© Christopher Earls Brennen

Hike H6. Bull Canyon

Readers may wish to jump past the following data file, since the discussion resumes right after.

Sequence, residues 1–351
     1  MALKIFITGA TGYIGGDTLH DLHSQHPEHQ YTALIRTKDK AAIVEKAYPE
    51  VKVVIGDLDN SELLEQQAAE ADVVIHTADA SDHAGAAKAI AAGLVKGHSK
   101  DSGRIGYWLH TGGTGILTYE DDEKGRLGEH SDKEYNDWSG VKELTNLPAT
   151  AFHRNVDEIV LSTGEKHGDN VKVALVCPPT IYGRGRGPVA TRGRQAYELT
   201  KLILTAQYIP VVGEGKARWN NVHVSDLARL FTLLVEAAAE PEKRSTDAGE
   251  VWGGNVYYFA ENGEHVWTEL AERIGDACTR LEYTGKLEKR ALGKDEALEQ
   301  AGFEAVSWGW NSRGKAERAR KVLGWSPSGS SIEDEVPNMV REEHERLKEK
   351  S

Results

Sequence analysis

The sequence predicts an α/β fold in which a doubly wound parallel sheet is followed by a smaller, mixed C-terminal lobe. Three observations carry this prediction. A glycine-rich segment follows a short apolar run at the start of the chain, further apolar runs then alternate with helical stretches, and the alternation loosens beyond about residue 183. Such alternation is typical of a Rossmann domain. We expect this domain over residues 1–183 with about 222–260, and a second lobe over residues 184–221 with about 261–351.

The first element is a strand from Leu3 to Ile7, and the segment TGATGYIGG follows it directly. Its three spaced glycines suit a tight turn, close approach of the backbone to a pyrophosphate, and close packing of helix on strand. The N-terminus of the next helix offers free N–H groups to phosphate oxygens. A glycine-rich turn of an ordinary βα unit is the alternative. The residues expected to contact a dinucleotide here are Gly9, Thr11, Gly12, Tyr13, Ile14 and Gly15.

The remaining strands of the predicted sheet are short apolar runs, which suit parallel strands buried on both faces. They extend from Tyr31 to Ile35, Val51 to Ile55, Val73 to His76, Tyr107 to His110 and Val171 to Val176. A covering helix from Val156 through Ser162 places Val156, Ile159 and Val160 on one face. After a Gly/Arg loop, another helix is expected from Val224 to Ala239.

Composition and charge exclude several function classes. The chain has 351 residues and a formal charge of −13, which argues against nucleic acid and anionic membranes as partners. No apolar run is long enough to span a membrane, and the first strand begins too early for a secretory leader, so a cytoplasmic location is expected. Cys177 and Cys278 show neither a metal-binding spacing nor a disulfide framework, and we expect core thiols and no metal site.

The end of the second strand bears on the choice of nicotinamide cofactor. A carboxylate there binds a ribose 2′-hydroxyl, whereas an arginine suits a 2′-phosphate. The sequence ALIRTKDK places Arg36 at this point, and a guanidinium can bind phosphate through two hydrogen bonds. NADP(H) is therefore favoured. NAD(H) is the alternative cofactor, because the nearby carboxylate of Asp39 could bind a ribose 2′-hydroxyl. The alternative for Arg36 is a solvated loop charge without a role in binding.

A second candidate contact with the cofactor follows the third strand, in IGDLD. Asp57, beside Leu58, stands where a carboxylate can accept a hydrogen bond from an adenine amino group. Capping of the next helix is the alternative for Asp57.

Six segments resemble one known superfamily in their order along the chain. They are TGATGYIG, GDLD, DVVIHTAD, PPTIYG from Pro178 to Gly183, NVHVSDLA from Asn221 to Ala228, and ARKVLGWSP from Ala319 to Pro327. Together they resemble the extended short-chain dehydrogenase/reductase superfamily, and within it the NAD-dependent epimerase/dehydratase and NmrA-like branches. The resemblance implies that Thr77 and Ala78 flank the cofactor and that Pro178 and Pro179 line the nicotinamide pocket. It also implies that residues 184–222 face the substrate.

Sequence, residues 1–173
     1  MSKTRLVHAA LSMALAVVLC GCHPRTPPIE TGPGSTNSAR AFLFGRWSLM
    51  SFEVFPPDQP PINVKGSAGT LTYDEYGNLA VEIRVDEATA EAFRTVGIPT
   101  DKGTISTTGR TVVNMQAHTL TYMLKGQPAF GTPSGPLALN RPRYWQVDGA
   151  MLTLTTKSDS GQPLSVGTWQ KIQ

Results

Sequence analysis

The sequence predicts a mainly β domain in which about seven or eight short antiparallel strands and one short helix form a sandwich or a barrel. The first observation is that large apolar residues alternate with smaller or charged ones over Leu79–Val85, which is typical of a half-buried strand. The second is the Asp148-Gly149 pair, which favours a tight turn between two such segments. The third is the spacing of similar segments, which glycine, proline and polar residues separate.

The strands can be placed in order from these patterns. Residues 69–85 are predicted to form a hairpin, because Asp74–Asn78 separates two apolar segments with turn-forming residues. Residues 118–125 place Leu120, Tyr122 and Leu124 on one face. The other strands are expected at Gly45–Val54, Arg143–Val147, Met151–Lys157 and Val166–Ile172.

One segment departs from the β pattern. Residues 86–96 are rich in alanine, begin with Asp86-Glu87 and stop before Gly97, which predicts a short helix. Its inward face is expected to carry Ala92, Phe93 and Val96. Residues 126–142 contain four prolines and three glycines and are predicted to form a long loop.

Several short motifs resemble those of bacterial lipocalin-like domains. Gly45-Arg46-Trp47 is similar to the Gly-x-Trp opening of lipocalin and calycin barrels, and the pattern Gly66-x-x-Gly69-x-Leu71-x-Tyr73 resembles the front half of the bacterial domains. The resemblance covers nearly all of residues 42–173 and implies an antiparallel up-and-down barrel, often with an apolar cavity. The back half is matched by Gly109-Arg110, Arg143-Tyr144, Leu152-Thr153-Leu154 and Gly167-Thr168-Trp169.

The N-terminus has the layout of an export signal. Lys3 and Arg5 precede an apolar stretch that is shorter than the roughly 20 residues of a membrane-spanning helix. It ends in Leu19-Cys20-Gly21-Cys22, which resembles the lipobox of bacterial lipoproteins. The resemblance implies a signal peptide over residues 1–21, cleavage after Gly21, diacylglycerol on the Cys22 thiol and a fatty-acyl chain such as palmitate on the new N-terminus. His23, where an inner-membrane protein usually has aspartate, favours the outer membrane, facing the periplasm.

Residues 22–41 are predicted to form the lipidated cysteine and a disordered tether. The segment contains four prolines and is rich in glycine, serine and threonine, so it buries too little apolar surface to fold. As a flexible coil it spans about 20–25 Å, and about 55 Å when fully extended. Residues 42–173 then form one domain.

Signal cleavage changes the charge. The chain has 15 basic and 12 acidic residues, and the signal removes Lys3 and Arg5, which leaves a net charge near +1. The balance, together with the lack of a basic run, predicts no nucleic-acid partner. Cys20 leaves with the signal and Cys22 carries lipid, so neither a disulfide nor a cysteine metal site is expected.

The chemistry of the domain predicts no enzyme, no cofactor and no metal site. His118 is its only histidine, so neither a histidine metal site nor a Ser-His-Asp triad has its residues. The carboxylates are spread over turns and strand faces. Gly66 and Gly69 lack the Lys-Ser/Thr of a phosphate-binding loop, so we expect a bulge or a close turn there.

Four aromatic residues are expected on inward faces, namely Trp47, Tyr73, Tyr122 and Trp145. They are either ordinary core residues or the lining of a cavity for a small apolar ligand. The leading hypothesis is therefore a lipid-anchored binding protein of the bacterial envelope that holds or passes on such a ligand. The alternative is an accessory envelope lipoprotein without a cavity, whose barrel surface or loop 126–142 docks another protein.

The precipitous southern cliffs of Cucamonga Peak tower nearly 9000ft over the city of Rancho Cucamonga in the eastern San Gabriel valley and provide a majestic background for those in the valley below. Up near the summit the cliffs are awesome but highly fractured, making climbing very difficult and dangerous. Lower down the slopes are more stable, the canyons older and more weathered. Two canyons in particular dominate, namely Deer Canyon and Day Canyon and these carry most of the run-off from the southern slopes of Cucamonga Peak. Indeed during major storms, these canyons become raging torrents of water, mud and rock. As a result, they are broad boulder-filled washes during the rest of the time. This adventure takes you up the boulder highway of Deer Canyon to where an old road crosses the wash. This now-abandoned dirt road used to allow off-road travel from Cucamonga Canyon, across the south face of Cucamonga Peak and down to Sevaine Flats and thus to Lytle Creek. It is now so damaged that it is unlikely to be made passable again. But it allows easy hiking and from the Deer Canyon crossing we hike east for several miles to the head of Bull Canyon. The descent of Bull Canyon provides an exciting and challenging canyoneering adventure for it contains a series of spectacular waterfalls, usually dry or with a trickle of water. The final series of large rappels, 100ft and 140ft in height are particularly exciting. At the bottom Bull Canyon exits into Deer Canyon and you return to your starting point. The hike is good at any time of year though, in the summer, it may be too hot.